Industry Update: Dicamba

ASA and a coalition of national grower trade associations that represents farmers, ranchers, and their families nationwide are urging the U.S. Court of Appeals for the 9th Circuit to reject an NGO call to invalidate EPA’s dicamba existing stocks order for three dicamba products whose registrations were immediately vacated by the court June 3.


Earlier this month, the U.S. 9th Circuit Court of Appeals vacated EPA’s 2018 registrations for three dicamba products for use on dicamba-tolerant soybeans, citing EPA’s “failure to acknowledge the risk” of dicamba use and that EPA violated the Federal Insecticide, Fungicide and Rodenticide Act (FIFRA) with its dicamba registrations. This announcement caused widespread confusion and uncertainty for growers in the middle of planting season. Investments and planting decisions have been made, and most planting has been completed—all based on the realistic expectation that over-the-top application of these dicamba products would be possible through the growing season.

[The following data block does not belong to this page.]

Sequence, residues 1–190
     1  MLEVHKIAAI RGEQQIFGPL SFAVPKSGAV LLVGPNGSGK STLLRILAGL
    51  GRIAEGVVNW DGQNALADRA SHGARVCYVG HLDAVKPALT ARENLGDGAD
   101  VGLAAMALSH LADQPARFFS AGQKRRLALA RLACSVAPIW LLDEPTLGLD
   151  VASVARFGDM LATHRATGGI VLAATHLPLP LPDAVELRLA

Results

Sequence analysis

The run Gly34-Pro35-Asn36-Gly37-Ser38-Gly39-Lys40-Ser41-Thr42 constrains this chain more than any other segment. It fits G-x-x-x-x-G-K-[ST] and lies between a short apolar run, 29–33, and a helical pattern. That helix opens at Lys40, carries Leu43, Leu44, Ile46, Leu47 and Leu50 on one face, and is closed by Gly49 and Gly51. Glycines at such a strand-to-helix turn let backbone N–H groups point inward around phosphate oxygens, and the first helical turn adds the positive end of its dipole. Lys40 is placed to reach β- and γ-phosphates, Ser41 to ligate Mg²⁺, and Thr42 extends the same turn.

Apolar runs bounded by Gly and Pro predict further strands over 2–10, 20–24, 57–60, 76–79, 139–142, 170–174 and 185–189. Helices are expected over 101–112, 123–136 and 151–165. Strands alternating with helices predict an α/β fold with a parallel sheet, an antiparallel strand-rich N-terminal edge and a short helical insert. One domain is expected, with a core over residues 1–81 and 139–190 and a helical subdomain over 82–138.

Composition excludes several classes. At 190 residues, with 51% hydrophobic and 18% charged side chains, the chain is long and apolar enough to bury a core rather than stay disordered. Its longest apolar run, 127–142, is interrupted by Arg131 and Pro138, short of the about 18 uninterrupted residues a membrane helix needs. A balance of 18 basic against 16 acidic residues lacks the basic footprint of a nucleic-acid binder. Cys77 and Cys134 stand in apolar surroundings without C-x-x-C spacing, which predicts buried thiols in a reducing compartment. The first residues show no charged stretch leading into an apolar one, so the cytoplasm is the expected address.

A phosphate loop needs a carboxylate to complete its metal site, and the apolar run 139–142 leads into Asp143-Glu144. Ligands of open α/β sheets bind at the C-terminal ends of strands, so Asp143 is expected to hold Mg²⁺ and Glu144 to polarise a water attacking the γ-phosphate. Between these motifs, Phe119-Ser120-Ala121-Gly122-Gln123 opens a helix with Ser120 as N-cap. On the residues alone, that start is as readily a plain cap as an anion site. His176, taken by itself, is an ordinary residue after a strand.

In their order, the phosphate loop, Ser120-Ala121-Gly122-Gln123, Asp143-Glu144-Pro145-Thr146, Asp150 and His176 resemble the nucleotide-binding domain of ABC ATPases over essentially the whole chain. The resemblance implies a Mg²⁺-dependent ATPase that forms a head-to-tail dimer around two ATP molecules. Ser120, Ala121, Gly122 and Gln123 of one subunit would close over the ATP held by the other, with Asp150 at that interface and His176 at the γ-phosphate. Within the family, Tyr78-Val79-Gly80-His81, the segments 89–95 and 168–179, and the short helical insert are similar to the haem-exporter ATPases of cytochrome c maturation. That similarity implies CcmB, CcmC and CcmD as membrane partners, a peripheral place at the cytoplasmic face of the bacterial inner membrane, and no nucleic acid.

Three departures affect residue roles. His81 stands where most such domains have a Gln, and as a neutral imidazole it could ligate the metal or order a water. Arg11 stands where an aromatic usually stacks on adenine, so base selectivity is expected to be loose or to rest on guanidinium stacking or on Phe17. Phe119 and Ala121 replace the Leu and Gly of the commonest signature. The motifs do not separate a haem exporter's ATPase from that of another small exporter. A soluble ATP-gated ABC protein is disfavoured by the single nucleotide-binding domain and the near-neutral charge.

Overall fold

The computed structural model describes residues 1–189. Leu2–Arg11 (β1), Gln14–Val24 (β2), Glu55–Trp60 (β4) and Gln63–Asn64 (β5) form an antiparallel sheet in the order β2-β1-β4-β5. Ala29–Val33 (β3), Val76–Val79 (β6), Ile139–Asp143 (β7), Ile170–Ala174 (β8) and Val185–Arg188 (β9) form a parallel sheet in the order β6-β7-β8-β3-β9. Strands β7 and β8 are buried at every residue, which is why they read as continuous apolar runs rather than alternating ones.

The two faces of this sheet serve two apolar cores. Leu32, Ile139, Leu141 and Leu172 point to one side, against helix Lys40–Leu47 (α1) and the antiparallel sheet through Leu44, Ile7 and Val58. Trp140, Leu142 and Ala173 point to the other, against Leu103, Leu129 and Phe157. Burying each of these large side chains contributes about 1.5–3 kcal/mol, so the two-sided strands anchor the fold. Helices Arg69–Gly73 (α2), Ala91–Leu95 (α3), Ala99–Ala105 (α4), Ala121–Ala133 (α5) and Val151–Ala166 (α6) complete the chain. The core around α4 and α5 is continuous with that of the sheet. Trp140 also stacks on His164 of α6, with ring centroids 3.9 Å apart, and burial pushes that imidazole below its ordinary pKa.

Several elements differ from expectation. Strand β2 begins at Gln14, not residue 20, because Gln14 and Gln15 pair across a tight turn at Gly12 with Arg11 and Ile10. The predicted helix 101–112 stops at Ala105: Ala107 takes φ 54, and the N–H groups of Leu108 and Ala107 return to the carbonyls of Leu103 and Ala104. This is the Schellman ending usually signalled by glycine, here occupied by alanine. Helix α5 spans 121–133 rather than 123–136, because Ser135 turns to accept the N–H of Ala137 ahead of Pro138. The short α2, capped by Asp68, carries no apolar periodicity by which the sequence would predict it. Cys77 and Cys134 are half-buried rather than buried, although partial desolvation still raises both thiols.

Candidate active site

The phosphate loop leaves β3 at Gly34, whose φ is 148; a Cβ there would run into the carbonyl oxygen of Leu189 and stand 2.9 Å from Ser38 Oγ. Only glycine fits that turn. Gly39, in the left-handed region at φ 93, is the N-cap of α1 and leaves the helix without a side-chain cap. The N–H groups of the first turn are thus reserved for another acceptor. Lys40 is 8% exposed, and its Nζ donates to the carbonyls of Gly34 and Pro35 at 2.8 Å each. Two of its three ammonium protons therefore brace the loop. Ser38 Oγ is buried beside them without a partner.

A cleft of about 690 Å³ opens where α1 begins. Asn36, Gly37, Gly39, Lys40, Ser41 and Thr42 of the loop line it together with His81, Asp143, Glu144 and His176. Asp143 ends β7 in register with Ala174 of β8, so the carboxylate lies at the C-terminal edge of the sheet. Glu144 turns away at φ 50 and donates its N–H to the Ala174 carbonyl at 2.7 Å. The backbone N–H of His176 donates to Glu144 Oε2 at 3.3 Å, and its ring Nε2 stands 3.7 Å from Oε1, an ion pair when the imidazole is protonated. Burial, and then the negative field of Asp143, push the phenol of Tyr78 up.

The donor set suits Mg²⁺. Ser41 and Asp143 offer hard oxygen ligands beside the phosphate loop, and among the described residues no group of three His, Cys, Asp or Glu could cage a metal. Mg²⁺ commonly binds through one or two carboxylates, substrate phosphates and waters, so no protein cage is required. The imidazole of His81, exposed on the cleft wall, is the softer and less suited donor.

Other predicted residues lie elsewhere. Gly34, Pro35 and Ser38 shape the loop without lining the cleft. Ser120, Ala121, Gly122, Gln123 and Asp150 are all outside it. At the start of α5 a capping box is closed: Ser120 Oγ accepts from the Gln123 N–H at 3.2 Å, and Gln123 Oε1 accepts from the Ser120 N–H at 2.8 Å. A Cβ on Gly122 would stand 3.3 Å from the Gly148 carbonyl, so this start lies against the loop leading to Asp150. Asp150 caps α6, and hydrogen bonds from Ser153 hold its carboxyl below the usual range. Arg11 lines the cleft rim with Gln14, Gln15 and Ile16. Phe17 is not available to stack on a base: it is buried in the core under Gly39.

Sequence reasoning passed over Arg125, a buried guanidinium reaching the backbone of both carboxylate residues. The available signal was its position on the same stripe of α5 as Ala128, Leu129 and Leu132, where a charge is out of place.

Last week, EPA issued guidance on the vacatur, outlining the circumstances under which existing stocks can be used. This includes specific direction on the sale and use of all three vacated dicamba products–Xtendimax, Engenia and FeXapan—through July 31, 2020. In turn, two of the NGOs in the original case against EPA filed an emergency petition that seeks to invalidate EPA’s Cancellation and Existing Stocks Order for the dicamba products and hold the agency in contempt.

Grower Coalition Files Amicus Brief

The American Soybean Association, American Farm Bureau Federation, National Cotton Council of America, National Association of Wheat Growers, National Corn Growers Association, and National Sorghum Producers this week filed an amicus brief supporting EPA’s position against the NGO petition, citing the catastrophic consequences that could result if the NGOs’ request is granted, including devastating economic damage to growers who already face depressed market prices and increased uncertainty in commodity markets due to ongoing trade tensions and the COVID-19 pandemic. The coalition also pointed to the “disruptive precedent” it could set for farmers for years to come.

Bottom line

ASA urges the court to respect EPA’s expertise in managing existing stocks of these formerly registered pesticide products and deny the emergency motion pending against EPA.